The government is taking further measures to ensure people with disability and their supporters will be able to recount their experiences and fully participate in the Disability Royal Commission with immunity.
Amendments to the Royal Commissions Act 1902 will protect the confidentiality of information given to the inquiry that follow existing mechanisms that also protect the identity of witnesses, including through the use of private sessions or pseudonyms, or the making of do not publish orders.
“We want people in the community to engage fully with the Royal Commission,” Attorney-General, Christian Porter said. “The amendments will ensure the work of this Royal Commission is guided by people’s experiences and that outcomes are based on a true reflection of those experiences.
“I have instructed my department to work swiftly on the amendments, with the aim of introducing this in the autumn sittings of 2021. With these amendments, we are acting to ensure that the Royal Commission receives vital evidence to inform its findings,” he said.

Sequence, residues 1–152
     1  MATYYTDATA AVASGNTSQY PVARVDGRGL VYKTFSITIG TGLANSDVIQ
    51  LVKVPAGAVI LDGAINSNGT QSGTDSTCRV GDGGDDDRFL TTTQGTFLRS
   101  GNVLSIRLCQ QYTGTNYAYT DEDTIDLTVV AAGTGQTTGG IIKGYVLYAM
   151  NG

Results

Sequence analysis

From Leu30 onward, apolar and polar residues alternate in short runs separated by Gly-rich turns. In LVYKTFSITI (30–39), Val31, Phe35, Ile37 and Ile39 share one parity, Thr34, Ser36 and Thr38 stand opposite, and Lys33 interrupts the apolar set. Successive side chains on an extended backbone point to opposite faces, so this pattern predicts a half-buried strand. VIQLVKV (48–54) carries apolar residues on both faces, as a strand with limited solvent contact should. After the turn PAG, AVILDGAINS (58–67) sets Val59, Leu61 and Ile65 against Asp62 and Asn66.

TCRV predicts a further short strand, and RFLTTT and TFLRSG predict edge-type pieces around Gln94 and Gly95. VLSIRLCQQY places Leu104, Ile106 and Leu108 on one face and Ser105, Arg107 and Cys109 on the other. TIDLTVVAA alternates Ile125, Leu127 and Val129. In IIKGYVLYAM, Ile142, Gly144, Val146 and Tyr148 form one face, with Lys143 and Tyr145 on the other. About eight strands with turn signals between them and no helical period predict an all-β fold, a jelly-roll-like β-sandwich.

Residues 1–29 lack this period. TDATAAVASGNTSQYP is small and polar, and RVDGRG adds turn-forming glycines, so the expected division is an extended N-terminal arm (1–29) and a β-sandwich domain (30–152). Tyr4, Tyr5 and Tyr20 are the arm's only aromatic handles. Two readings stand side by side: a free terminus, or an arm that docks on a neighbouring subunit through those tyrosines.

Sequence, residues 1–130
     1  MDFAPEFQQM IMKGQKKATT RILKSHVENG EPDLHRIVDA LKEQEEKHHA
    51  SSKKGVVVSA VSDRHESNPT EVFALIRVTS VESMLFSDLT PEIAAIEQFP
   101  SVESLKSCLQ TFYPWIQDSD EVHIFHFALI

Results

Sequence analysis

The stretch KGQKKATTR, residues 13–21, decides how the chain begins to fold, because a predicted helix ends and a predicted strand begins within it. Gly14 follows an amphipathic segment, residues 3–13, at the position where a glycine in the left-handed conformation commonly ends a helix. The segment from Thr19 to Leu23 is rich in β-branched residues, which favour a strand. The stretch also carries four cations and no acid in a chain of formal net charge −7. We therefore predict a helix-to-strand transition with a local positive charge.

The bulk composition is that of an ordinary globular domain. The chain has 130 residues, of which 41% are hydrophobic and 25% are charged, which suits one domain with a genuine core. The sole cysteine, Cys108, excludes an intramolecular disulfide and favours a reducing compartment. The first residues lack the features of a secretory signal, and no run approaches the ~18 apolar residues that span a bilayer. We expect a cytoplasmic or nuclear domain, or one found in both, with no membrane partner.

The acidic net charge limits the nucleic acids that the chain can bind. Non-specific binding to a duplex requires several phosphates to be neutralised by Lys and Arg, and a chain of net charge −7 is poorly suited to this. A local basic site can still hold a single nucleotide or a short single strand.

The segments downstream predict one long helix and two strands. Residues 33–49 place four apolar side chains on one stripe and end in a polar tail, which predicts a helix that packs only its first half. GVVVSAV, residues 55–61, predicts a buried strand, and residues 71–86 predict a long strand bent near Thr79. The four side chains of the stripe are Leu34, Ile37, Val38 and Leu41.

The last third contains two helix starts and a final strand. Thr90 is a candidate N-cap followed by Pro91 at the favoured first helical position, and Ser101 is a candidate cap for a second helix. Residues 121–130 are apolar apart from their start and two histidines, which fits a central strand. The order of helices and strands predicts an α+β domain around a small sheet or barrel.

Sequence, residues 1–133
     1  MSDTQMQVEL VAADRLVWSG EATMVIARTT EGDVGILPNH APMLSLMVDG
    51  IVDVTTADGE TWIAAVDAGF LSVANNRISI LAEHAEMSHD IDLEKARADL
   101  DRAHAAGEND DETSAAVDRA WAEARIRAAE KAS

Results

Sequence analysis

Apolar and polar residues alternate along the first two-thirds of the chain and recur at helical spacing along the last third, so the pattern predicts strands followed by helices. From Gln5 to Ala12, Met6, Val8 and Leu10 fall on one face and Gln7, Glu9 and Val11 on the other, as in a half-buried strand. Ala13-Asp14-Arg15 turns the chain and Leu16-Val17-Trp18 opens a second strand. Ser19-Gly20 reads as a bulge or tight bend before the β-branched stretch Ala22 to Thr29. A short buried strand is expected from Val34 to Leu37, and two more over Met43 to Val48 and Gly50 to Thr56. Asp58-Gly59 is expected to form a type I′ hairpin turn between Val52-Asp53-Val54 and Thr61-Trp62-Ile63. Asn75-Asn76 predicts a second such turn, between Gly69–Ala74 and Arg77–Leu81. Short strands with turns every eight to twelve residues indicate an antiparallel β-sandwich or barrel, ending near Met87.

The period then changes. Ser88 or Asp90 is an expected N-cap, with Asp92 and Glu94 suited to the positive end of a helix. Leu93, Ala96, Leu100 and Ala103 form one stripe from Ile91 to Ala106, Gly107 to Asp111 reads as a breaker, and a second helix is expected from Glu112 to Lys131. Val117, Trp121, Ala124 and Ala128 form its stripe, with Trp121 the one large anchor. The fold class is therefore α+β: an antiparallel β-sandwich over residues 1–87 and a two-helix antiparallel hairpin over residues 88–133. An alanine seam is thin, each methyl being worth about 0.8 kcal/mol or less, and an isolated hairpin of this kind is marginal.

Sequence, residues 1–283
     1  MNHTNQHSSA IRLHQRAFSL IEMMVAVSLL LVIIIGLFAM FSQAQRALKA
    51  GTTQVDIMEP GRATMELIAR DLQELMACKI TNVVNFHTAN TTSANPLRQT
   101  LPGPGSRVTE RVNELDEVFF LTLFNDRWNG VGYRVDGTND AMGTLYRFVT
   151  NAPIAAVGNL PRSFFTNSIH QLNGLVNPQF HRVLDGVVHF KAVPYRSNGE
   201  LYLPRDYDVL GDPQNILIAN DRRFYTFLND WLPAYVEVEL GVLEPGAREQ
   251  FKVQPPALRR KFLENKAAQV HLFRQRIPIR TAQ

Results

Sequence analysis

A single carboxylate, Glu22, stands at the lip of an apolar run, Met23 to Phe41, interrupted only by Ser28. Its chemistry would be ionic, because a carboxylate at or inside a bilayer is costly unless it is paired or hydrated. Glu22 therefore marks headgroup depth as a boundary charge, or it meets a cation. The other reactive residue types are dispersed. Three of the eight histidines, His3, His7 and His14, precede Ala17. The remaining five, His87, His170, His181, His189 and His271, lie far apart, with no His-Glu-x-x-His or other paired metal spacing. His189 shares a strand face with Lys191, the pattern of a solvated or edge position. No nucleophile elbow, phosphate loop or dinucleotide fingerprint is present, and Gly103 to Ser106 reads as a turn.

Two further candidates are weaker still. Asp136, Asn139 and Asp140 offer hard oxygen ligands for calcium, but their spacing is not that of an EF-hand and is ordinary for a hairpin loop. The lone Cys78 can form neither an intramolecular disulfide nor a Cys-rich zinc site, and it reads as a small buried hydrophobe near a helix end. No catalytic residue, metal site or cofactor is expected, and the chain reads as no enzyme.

Chair of the Royal Commission, Ronald Sackville requested the amendments, so people with disability would have reassurance that their information will be protected both during the life of the Royal Commission and after it has concluded its work.
The Royal Commission is due to present an interim report to the Governor-General on October 30, 2020 and its final report is due by April 2022.
This latest action follows a campaign from disability organisations calling for the confidentiality of those telling their stories to the inquiry to be protected.